Baby Name Jury: Give your thumbs up or thumbs down

Mar 27th 2009

In the five short months since we launched Namipedia, it has become an incredible living world of names. Go to almost any name page and you'll find a fascinating collection of real-life siblings. (Sibs for Sinead? Try Aoife, Eimear, Darragh or Senan. Ernesto? How about Armando, Claudio, Oswaldo and Lidia.)  I've also learned a lot from the reader commentary, and I'm often surprised by the ratings the community gives names.

The most amazing contribution, though, is the names themselves. I launched Namipedia with over 6000 names, and users have since added thousands more. From the Albanian name Besnik to the feline-inspired Lynx, the name list grows richer every day.

There are limits, though. We ask users to consider whether a name will really contribute to the quality of the site, based on criteria like cultural significance, popular appeal, and the quality of supporting information offered. We try to be inclusive, especially when the name in question is clearly borne by real people. Sometimes, though, it's a tough call.

Take, for instance, Bree'undra. From the description, the name was custom-constructed to honor two relatives. It exists in the real world, but does it have relevance outside of that family? Or Mako, which would be straightforward enough if it had been submitted as a Japanese name...but it was submitted as a type of shark. Should they stay or should they go?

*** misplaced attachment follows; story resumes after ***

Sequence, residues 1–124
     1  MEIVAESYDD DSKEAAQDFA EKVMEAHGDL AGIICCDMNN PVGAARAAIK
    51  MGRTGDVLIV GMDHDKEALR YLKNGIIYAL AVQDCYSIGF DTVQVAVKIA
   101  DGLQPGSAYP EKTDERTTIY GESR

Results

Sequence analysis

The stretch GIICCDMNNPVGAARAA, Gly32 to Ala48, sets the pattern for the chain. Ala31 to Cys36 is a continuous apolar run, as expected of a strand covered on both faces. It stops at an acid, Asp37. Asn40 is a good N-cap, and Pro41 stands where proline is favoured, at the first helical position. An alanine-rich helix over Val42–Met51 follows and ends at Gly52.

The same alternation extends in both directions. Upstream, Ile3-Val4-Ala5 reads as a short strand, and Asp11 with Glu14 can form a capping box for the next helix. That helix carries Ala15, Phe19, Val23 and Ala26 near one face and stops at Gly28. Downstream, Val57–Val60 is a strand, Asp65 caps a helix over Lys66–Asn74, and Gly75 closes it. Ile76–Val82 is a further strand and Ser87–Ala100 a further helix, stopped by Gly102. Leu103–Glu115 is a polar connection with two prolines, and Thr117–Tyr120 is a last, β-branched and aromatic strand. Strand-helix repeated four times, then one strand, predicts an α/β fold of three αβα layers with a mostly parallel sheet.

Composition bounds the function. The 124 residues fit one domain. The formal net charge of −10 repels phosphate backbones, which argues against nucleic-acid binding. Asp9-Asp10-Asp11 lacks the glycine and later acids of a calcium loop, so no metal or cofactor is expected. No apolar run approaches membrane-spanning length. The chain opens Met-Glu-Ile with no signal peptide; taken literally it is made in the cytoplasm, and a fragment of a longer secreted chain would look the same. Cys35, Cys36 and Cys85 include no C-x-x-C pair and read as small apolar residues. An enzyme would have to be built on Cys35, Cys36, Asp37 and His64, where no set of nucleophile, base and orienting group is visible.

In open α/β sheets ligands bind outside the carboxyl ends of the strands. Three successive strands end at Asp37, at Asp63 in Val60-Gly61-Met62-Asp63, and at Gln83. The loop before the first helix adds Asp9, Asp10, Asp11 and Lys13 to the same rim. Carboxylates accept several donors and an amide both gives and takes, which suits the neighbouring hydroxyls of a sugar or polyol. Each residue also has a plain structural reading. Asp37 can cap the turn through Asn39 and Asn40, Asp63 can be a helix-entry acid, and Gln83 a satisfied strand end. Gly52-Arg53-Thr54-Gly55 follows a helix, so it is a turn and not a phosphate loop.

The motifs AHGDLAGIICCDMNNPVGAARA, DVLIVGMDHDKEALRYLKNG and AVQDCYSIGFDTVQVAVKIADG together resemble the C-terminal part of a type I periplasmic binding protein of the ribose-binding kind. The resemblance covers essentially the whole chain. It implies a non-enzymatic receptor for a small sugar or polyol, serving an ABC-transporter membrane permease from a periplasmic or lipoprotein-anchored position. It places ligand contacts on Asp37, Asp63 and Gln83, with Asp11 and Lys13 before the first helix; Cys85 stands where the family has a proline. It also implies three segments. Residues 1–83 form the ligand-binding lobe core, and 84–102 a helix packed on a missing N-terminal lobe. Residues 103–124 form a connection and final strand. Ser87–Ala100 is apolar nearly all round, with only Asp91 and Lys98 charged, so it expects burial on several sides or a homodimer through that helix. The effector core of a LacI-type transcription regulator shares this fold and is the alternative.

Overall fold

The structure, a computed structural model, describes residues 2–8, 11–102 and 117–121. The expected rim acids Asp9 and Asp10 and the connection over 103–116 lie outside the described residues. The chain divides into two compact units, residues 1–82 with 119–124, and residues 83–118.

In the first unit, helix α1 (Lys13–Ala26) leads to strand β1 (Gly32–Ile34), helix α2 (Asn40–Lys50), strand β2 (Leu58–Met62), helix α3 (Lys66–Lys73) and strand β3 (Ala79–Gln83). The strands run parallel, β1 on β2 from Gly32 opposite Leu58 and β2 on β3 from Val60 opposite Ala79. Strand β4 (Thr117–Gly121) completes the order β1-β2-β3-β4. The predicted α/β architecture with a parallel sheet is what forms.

It strikes me that this kind of decision would be a lot more fun to make with friends. So from time to time, I'm going to put borderline names up for vote on Twitter. Stay or go, you be the judge! Remember, though, you're not voting on whether you LIKE the name, just whether it deserves a place as one of thousands in Namipedia search results. The feed to follow on Twitter:

http://twitter.com/BabyNameWizard

To vote on a name, just reply with @BabyNameWizard [name] stays  or  @BabyNameWizard [name] goes.

 

p.s. Yes, I realize that the internet is divided into two kinds of people: those who use Twitter and those who wish everybody would just shut up about Twitter already. If you fall into the second category, just think of it like this. Twitter is like social networking minus commitment and minus self-revelation. Want to be private and anonymous? No problem. Twitter doesn't care about your age or your education or whether your relationship is "complicated." It just wants you to find interesting comments to read, and maybe write some back if you feel like it. Very low-stress, I promise.

Now vote!

Compounds, Splices & Frankennames

Mar 19th 2009

What do these names have in common?

Alexavier
Annalise
Gracelyn
Julissa
Johnpaul
Marylou
Ruthann

They're all compound names, grafted together from two familiar roots. Some, like Ruthann and Johnpaul, simply conjoin two full names with a little magic name glue. Others are portmanteaus, splicing the names together at a point of overlap: Ale-(X)-avier.

At their best, compound names preserve the virtues of both original names in a form that feels fresh but rooted. At their worst they turn out as Frankennames, misbegotten collections of parts better left buried. What makes a successful compound name tick? For tips, let's turn to a land where compound names run rampant. It's not the land of people, but of commerce.

Back in the '90s, the computer industry convention of mixed-case compound names (WordPerfect, LaserJet) started to infiltrate other industries. Spaces and conjunctions seemed embarassingly old-school. Radio Shack became RadioShack, and the venerable Bank of Boston updated itself to the oh-so-hip BankBoston. Mergers were no longer greeted by ampersands but by compounds like HarperCollins, DaimlerChrysler, and the classic Frankenname PricewaterhouseCoopers.